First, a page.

Assessing the Evidence

By now, you have developed a clinical question, sought out research to answer your question, critically assessed that research and applied the findings to your patient or population. The process does not end here though. Evidence-based practice is iterative, meaning that it builds on itself, constantly being reshaped by new evidence and the clinical expertise of those who practice it.

Diagram visualizing the cycle of questioning. Ask points to Acquire points to Appraise points to Apply points to Assess which leads back to Ask and so forth.

The steps of evidence-based practice can be illustrated by a continuous evidence cycle. Once you have applied your evidence to your situation, you should evaluate how well it worked. This process often generates new clinical questions, prompting you to begin the cycle again.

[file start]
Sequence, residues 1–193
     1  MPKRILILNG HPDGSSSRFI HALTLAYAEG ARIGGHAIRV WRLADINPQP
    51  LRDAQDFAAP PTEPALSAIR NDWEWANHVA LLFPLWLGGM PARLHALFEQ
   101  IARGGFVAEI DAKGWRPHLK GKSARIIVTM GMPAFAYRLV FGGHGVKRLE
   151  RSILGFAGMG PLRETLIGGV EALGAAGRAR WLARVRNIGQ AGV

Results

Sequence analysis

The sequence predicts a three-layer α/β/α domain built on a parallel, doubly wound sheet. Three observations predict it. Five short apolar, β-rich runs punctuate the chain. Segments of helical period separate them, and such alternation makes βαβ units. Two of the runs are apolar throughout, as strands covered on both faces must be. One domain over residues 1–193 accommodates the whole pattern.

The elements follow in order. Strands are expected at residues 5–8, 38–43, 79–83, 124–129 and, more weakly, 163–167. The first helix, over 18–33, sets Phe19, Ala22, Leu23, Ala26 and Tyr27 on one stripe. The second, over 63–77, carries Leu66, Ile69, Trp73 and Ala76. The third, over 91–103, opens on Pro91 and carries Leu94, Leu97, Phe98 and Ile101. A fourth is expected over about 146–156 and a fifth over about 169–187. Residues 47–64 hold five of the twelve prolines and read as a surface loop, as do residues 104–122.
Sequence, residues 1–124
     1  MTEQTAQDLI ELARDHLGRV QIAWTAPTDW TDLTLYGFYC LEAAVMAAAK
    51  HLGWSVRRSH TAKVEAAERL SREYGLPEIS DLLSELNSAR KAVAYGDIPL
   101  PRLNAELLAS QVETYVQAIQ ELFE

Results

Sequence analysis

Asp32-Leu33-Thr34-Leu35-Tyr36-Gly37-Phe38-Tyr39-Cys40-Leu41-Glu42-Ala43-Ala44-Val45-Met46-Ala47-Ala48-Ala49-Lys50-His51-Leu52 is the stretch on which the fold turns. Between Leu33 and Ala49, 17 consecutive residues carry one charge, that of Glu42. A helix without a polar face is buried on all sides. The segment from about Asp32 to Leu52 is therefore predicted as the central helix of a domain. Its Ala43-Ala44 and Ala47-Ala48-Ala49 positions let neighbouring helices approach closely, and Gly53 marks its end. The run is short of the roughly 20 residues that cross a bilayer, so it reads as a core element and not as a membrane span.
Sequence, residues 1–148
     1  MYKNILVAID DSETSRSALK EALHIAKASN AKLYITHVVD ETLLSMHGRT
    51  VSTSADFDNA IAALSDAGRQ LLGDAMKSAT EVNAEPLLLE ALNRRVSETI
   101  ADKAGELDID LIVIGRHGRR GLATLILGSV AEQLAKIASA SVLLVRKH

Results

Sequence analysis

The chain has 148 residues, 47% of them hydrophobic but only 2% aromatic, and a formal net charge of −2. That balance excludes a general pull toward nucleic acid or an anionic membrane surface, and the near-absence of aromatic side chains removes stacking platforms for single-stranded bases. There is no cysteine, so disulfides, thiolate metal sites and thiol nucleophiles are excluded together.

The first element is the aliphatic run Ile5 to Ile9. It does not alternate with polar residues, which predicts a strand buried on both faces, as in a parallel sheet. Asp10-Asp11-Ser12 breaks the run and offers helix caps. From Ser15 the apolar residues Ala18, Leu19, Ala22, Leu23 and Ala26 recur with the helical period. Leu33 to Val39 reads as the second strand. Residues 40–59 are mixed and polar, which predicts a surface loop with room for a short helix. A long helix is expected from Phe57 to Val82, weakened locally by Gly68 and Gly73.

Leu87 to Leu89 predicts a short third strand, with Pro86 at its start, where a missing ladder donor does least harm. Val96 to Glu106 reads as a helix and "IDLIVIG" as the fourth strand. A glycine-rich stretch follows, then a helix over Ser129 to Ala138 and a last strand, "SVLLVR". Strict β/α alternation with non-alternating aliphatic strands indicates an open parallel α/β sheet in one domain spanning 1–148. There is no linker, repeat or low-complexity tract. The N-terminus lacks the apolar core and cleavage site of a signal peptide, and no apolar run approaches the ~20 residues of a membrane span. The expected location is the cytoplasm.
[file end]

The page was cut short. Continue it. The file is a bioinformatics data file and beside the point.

Ask yourself the following questions:

  • What questions do you still have, and what new questions have arisen?
  • What assessments should you use to gather evidence?
  • Was the diagnosis or treatment successful?
  • Is there new evidence on this topic?
  • What was the patient’s or community’s response or attitude?
  • What new information would help you make a better decision next time?

 

License

Icon for the Creative Commons Attribution-NonCommercial-ShareAlike 4.0 International License

Evidence-Based Practice by Various Authors - See Each Chapter Attribution is licensed under a Creative Commons Attribution-NonCommercial-ShareAlike 4.0 International License, except where otherwise noted.